Senior DoT officials told ET that regulating apps is now necessary because the technology has changed to the point where misusing it could be disastrous for the country.
“Currently we have no mechanism to control or stop anything that is wreaking havoc on social media,” one of the officials said. “We have to do an autopsy, where not much can be done either. We should be able to control and analyze real-time so misinformation or other things can be stopped.”
He stressed that misinformation spreads so quickly in apps that it will soon become uncontrollable and cause law and order problems. “If some regulations are put in place, social media would be a much safer place,” the official said. The department is discussing the matter internally and will approach ministries soon, officials said.
DoT also plans to seek opinions from the Telecom Regulatory Authority of India (Trai). But it has yet to decide whether to take the issue to the Digital Communications Commission — the highest decision-making body in DoT — first, or seek the regulator’s recommendations directly, officials said.
While the telco department may deal with communication apps that offer similar services to telcos, other social media apps — like Twitter and Facebook — fall under MeitY.
DoT is also considering conducting stakeholder consultations itself, as any move to regulate such apps will have wider implications.
Most industry bodies such as Internet and Mobile Association of India (IAMAI), Nasscom and US-India Business Council had opposed any kind of regulatory framework for OTTs when the issue was previously discussed by Trai. Their view is that apps are already regulated by IT law and any further regulation will stifle innovation.
This isn’t the first time the government is considering a move to regulate apps. In November 2018, Trai published a consultation paper entitled “Regulatory Framework for OTT Communication Services”. Following comments from all stakeholders, the regulator ruled out the need to regulate such apps in September 2020, but had said it would regularly review the stance.
“Any hasty government regulation can have a negative impact on the industry as a whole. Accordingly, the Authority believes that market forces can be allowed to react to the situation without requiring regulatory intervention. However, developments need to be monitored and action taken when the time comes,” Trai said in his recommendations.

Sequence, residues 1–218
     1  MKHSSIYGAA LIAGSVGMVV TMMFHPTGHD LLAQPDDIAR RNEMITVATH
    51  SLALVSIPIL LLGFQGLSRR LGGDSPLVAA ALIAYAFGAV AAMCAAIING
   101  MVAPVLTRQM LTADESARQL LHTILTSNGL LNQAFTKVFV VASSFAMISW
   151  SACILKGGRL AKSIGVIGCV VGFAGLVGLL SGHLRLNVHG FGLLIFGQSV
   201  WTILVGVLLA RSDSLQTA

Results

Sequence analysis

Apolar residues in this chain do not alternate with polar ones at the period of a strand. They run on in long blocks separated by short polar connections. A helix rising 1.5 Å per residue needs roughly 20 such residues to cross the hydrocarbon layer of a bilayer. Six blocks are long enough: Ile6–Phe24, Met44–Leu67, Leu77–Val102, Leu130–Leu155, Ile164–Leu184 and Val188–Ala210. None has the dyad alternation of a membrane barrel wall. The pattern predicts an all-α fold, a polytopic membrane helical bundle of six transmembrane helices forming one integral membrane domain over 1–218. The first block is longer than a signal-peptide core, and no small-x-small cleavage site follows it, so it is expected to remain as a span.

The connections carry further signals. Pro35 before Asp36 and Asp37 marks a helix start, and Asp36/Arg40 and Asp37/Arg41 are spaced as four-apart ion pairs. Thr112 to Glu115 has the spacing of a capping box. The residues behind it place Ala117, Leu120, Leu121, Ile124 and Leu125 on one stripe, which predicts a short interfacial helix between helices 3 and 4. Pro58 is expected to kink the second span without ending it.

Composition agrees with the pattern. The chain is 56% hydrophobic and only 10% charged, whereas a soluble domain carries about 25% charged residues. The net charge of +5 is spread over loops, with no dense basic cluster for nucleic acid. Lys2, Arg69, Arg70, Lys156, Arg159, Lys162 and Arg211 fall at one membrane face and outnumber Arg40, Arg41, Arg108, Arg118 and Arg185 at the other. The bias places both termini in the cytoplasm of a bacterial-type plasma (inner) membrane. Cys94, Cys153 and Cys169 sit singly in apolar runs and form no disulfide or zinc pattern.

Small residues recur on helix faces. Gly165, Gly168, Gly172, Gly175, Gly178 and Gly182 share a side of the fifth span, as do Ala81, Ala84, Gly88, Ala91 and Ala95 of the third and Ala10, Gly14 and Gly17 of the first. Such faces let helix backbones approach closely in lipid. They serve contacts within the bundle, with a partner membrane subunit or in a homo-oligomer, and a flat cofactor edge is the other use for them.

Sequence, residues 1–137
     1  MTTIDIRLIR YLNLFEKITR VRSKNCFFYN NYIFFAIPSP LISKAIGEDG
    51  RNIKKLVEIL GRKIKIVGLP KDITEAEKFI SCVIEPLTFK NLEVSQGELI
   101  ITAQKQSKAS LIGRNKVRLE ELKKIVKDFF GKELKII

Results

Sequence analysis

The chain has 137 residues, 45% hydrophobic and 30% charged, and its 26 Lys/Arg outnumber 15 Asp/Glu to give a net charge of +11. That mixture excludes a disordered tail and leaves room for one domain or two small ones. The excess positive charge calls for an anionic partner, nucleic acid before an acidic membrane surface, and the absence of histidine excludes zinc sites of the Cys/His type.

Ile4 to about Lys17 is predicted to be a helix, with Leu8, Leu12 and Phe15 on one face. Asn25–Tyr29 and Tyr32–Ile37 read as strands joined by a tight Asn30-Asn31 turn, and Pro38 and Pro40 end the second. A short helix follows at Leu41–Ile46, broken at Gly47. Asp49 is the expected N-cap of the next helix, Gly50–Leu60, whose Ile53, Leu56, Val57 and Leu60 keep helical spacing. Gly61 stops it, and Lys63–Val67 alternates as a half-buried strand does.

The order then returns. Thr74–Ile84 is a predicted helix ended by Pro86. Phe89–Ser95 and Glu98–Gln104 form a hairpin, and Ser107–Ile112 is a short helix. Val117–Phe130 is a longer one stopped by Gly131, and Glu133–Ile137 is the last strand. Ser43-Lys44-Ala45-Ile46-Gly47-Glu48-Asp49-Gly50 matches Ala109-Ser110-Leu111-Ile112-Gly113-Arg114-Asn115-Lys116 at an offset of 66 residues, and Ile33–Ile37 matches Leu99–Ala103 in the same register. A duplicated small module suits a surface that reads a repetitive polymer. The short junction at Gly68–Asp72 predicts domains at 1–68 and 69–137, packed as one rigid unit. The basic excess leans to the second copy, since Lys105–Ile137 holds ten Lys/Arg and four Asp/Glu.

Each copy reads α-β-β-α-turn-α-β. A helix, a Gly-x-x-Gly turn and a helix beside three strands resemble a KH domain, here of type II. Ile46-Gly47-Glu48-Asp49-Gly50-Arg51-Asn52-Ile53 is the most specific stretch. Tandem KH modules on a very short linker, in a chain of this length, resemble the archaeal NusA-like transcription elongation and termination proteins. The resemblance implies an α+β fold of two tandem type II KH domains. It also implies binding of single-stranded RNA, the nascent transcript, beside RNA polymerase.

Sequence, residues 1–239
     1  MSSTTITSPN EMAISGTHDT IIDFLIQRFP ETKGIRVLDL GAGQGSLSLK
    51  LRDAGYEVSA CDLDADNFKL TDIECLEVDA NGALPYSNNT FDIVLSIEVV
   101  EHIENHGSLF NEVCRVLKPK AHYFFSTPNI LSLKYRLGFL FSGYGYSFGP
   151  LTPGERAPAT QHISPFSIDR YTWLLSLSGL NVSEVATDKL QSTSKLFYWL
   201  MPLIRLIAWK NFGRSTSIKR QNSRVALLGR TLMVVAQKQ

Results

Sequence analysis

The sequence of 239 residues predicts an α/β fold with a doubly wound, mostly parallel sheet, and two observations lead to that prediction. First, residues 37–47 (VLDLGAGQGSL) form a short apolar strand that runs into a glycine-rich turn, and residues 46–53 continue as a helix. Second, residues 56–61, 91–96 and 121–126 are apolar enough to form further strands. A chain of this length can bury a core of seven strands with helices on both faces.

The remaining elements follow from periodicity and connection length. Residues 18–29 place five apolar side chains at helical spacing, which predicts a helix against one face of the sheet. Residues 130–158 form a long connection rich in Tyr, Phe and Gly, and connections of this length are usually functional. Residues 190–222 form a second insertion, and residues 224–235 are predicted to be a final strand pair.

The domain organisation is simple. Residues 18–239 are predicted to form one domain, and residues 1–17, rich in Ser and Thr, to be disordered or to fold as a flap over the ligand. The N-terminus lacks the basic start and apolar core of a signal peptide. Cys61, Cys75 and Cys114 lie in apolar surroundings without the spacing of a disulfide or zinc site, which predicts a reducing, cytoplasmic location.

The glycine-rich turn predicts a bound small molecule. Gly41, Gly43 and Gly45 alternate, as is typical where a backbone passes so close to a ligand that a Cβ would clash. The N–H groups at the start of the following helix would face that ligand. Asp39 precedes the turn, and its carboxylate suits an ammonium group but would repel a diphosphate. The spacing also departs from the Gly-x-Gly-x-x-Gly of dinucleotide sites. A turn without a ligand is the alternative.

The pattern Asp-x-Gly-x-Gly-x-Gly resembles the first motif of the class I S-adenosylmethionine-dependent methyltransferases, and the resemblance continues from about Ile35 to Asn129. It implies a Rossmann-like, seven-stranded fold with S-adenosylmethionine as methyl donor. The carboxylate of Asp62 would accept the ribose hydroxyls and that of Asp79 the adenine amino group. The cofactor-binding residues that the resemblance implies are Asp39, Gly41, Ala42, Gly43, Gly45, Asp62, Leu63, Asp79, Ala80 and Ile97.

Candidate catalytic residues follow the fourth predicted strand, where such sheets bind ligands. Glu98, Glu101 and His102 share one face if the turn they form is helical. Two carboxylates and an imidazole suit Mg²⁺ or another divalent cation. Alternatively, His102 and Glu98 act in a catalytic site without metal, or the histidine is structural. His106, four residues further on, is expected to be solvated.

Same playing field
The end-to-end encryption offered by WhatsApp has long been a bone of contention for the government. While mediation rules dictate that apps must provide information requested by law enforcement agencies, in most cases apps express their inability to do so, citing encryption as the reason.
Telecom operators have long requested that OTT players be regulated as they offer the same communications services as them. While telcos are subject to various licensing and regulatory regimes, OTTPs are not bound by such things, preventing a level playing field.
The triggers for the pros and cons of app regulation have changed over the years. The initial call for regulation was seen as an economic issue – one to address financial arbitrage between telcos and app providers as the former saw an erosion of their revenue from voice services and text messaging.
However, as voice services become virtually free and most telcos’ tariff plans bundle both voice and data without segmentation, calls for OTTP regulation have shifted to issues of security, lawful interception and law enforcement. The telcos then warned the regulator that while they have an obligation to allow lawful interception by security agencies, OTT players are not bound by similar rules.